4 Figure 1. Student Report, front Sample Student Tested on MM/DD/YY 1 st year of college ID SAMPLE COLLEGE Class/section: ENG 101 ACT Engage measures personal, behavioral and academic skills critical to college achievement. Low scores on ACT Engage represent areas that, when improved, may increase your GPA and make it easier to focus on completing college. This report is designed to help you identify your strengths and needs in order to ensure that you are successful in your college career. SCALE Academic Self-Confidence SCORE 58 Commitment to College 56 Goal Striving Social Activity Steadiness 37 Social Connection 27 Communication Skills 21 Academic Discipline 19 General Determination 18 PERCENTILES UNDERSTANDING YOUR SCORES Your scores are reported in terms of percentiles. Your percentiles tell you the approximate percentages of students in schools like yours who took ACT Engage and scored at or below your score. Scales highlighted in red are areas that you may want to focus on developing as you continue your education. Study Skills Norms for 4-year institution Capitalize on your strengths 99 Academic Self-Confidence The belief in one s ability to perform well in school Your score on this scale suggests you feel highly confident in your ability to succeed academically. Confidence in your abilities is critical to your academic success. 99 Commitment to College One's commitment to staying in college and getting a degree Your response suggests that you feel confident in your reasons for continuing your education. You see yourself as determined to invest the necessary time and effort required to attain a high school diploma and college degree. 77 Goal Striving The strength of one's efforts to achieve objectives and end goals Your response indicates that you see yourself as goal driven. You generally set appropriate goals and you feel confident in your ability to achieve these goals. Establishing and accomplishing goals is an important life skill that is essential for success in high school and beyond and will help you to maintain your motivation, energy, and focus. Continue to develop your skills 57 Social Activity One s comfort in meeting and interacting with other people Your response suggests you feel relatively comfortable interacting with people you do not know and making new friends. Your social skills may benefit you in courses that emphasize team projects and other collaborative assignments by ACT, Inc. All rights reserved. 4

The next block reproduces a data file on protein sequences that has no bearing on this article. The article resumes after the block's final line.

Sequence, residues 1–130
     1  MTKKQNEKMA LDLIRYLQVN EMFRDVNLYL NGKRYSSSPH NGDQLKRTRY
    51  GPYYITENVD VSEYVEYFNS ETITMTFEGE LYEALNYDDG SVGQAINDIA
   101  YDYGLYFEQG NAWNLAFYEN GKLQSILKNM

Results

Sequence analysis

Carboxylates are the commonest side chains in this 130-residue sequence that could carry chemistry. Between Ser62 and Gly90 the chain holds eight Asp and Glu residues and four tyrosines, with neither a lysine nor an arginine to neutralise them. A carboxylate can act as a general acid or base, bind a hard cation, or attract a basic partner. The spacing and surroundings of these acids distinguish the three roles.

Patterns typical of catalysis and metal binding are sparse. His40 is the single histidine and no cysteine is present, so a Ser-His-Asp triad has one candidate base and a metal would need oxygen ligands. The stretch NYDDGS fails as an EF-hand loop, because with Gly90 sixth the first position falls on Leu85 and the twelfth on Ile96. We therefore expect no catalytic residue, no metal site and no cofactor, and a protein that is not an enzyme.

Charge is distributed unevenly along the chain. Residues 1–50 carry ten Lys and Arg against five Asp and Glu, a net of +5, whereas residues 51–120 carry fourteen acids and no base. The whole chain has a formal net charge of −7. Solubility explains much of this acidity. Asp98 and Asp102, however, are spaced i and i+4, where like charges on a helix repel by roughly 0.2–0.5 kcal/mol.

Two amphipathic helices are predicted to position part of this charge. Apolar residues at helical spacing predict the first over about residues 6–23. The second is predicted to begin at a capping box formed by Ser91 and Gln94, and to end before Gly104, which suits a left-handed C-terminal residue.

5 Figure 1. Student Report, back Sample Student Page: 2 42 Steadiness One s responses to and management of strong feelings Your response indicates that you see yourself as capable of effectively controlling your emotions. You feel as though you do not often lose your temper and you manage frustration well. You are fairly effective in keeping emotions from affecting your academic performance and other important activities in your life. 35 Social Connection One s feelings of connection and involvement with the college community Your response suggests you see yourself as connected with your school and its student body. Your involvement in school activities will provide a valuable source of stress relief and social interaction that will serve to enhance feelings of connection. 33 Communication Skills Attentiveness to others feelings and flexibility in resolving conflicts with others Your score on this scale suggests that you tend to see yourself as fairly comfortable when communicating with others, handling interpersonal conflicts, and working collaboratively with others. These skills will help you in learning and work environments as you effectively exchange information, cooperate with others, and work as a team member. Make plans for improvement 23 Academic Discipline The amount of effort a student puts into schoolwork and the degree to which a student is hardworking and conscientious Your response suggests you frequently approach academic related tasks with less enthusiasm and effort than other students. You may frequently rush through your homework without giving much attention to detail, turn in poor or incomplete work, or give up on difficult tasks or problems. 20 General Determination The extent to which one strives to follow through on commitments and obligations Your score on this scale suggests that you see yourself as someone who often has difficulty fulfilling your assigned responsibilities or duties. If something more interesting presents itself, you may pursue that interest rather than uphold your prior obligations and/or tend to your commitments. Other people may not be able to depend on you to fulfill your promises. 14 Study Skills The extent to which students believe they know how to assess an academic problem, organize a solution, and successfully complete academic assignments Your response indicates that you feel you lack good study skills, problem-solving skills, and learning strategies. Like academic abilities, these skills are important in predicting your success in high school and beyond. Recommended plan of action Overall, your ACT Engage scores suggest that you are likely to benefit from campus resources for promoting academic success and attaining a college degree. Consult with a counselor or academic advisor who can assist you to develop a plan of action for improving your skills. Further, consult the student tool shop for helpful information and sample strategies. There are services available at your institution that may be helpful to you: Develop strategies for improvement. Take advantage of campus resources recommended to you. By using campus resources, you can enrich your college experience and improve your chances for success. Your advisor can help you customize a plan of action. Capitalize on your strengths. Talk to your academic advisor about ways to take advantage of your strengths. Find out more about campus services and get a list of helpful workshops and events at your institution's website or advisory office. Visit the student tool shop for information and exercises to aid you in constructing your improvement plan by ACT, Inc. All rights reserved. 5